Posts Tagged ‘curious words’
Today I would like to pass on information about learning German in your mother tongue on the computer. This way of learning has the advantage, if you want to decide on how much and how long you would like to learn. You can also take the programme with you on an MP3-player or your I-Phone and learn whenever there is time.
The reason why I prefer to use these courses is that you can learn words by different tests and word lists or index cards which you can also print out to take along. The best thing about that is that words are repeated until you have memorised them correctly five times. On top, there is information about how you best learn a language. What I like about that is that you can freely choose and try the method which suits you most and is most effective for you.
As a beginner, without any knowledge of German, you would best choose the basic course to start with and continue with the advanced course. If you need to learn German in a faster way, the express couse would be right for you. But even if you are quite fit in understanding and talking German, the special vocabulary collection could help you to improve your communicative competence. An online dictionary is available as well.
The computer courses on DVD are available in 40 languages, so there is a good chance that your language is amongst them. Take a look and decide! If you live in a German-language environment, the conditions to really apply what you have learned are best, but even if you live somewhere where German is not spoken, take a lookout for German conversation groups; you will find them in nearly every bigger city, and, of course, on the Web.
The best of success and fun in learning German!
During our last meeting of Berlin Friends Club on Tuesday, we came up on some words which we couldn´t find out on the spot. One of them was:
- Knochendichtemessung (what a word!) Bone density, according to LEO dictionary, in special professional use also bone mineral density, is the right word for Knochendichte. So, Knochendichtemessung would be bone density examination, I would suppose.
- We also diskussed the word for Urkunde in the context of sports. I didn´t find any special term, neither in LEO nor in the Oxford German-English dictionary. I presume it should be certificate.
If you would like to discuss more of these complicated words, why not join us next Tuesday at Asia Snack in Kochstr.? We not only talk about English-German words, but all sorts of topics that just come up.
See you then!
Last Tuesday, we were talking about the purchase of data of German tax evaders by the German government. We came across the following words:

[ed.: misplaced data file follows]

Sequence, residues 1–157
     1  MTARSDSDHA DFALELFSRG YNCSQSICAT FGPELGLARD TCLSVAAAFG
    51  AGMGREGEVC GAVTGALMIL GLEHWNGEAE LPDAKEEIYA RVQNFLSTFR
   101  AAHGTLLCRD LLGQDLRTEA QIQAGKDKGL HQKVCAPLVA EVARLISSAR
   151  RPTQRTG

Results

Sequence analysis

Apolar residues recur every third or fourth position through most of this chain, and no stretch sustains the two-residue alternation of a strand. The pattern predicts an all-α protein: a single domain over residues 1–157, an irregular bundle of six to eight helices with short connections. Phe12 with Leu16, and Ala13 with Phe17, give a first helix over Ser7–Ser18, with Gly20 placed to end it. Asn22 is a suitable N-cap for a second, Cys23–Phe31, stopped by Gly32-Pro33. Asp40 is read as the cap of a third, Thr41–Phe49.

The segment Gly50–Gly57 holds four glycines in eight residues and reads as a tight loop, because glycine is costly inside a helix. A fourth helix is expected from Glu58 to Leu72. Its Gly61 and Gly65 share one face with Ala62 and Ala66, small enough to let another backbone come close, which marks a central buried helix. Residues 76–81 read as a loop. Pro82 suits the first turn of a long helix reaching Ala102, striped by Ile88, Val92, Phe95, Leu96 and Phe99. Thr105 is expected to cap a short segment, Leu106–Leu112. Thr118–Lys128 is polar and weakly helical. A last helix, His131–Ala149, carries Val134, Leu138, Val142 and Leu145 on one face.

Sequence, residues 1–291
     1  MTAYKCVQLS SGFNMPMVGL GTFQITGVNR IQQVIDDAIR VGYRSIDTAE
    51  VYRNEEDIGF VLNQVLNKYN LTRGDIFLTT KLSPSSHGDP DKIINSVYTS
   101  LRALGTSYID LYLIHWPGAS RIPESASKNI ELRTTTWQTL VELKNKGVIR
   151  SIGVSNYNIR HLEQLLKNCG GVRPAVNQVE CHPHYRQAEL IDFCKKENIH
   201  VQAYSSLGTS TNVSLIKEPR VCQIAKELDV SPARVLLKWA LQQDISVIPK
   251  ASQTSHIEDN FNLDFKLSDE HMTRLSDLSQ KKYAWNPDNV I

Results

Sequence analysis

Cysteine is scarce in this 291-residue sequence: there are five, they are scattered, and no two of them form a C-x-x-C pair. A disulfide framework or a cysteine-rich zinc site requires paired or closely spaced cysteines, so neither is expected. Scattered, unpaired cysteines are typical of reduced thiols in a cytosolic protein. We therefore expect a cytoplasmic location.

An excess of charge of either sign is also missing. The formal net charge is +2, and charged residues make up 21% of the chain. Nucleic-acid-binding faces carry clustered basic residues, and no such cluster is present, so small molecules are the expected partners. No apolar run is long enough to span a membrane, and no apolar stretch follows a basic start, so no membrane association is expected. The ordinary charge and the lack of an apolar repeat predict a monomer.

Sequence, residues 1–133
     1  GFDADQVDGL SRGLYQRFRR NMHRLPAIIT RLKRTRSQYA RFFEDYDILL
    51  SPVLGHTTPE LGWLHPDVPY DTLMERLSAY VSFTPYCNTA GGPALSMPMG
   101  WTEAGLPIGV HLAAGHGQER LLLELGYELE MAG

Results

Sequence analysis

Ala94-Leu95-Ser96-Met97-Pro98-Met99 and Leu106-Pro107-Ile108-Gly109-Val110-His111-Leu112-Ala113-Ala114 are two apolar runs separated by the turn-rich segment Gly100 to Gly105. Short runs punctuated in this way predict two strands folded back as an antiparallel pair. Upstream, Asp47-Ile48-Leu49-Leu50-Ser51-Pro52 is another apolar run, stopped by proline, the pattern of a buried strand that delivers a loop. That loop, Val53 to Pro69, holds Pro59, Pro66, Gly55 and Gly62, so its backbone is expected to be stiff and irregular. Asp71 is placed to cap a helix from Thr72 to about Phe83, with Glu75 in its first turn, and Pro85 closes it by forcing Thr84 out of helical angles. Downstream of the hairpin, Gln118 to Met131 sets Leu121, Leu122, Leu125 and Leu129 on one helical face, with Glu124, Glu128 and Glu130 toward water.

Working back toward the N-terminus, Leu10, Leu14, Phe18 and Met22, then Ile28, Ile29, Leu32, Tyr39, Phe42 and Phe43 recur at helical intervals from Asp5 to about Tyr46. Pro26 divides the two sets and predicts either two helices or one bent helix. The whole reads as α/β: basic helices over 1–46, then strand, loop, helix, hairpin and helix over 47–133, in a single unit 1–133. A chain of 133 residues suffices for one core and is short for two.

- tax evader = Steuerhinterzieher
- Hehler = fence
- Hehlerei = receiving of stolen goods, fence (marked as slang)
We also found a proverb in this context:
The fence is worse than the thief
So much for some words which fit into the current discussion in Germany!
Abbreviations in English are quite common. The most well-known is probably ASAP, which means “as soon as possible”, and is used in commercial English as well as in the colloquial language. Still there are some more, which we discussed in our club at one of our meetings.
- IMHO is used very much in chats, and it means “in my humble opinion”.
- MISAS means “make it short and simple”
- KITA is not very nice and classed as very rude. It means “kick in the ass”.
- SAE is mainly used in commercial English and means “stamped addressed envelope”.
If you know any more, why don´t you write a comment to let us know? Or join one of our meetings on Tuesdays at 7:30 p.m. in Berlin-Kreuzberg. You can be assured to get a warm welcome by all of us.
Berlin Friends Club is a place where you can get information about foreign languages and improve your command of English!
So we came across some words which we would like to get straight in both languages:
- Schadenfreude: This is a word which exists the same in both languages. Yes, it is schadenfreude in English, too! Does this mean, that malicious joy is something typically German???? 😉 Well, I don´t know!!!
- Geisterfahrer: This is rather tricky. LEO dictionary gives the phrase motorist driving against the traffic on motorways, a rather complicated way to express a single word. So does this mean that a single word does not exist in English? Not by all means: A LEO forum tells us that the Daily Mail uses the word wrong-way driver.
- Kinky is an English word, and it denominates that something is abnormal, pervert or the like. It may mean curly, as well. In German, it would mean abnorm, pervers, schrullig, abartig, verdreht, verkorkst. So it has a lot of different meanings, and it can be used in many different contexts.
- For the German word Esskastanie, LEO gives the word chestnut, as well as the word edible chestnut, but in our Friends meeting we also found the word sweet chestnut.
So you can see that at Berlin Friends Club, you can really learn how to express yourself. Hope to be able to welcome you at one of our meetings.
See you then!
What the hell is that? It´s from Hindi, spoken in India. And we discussed it at our ast meeting, so it is the word of the day!
You can see Dabbawalas only in Bombay. The main problem is that people going to work don´t want to carry their lunch boxes. So their wives get the lunch boxes ready, they are collected by Dabbawalas, who are lunch box carriers. The lunch boxes are marked by colours so that they cannot be mixed up and reach their destination. It is a huge organisation, but it works without using one single letter.
The only problem we could not solve is the question why somebody would need a service to carry lunch boxes instead of taking them along with oneself…
So you see if you join us you don´t only meet the world, you also learn about customs all over the world. You don´t want to miss out on that, do you.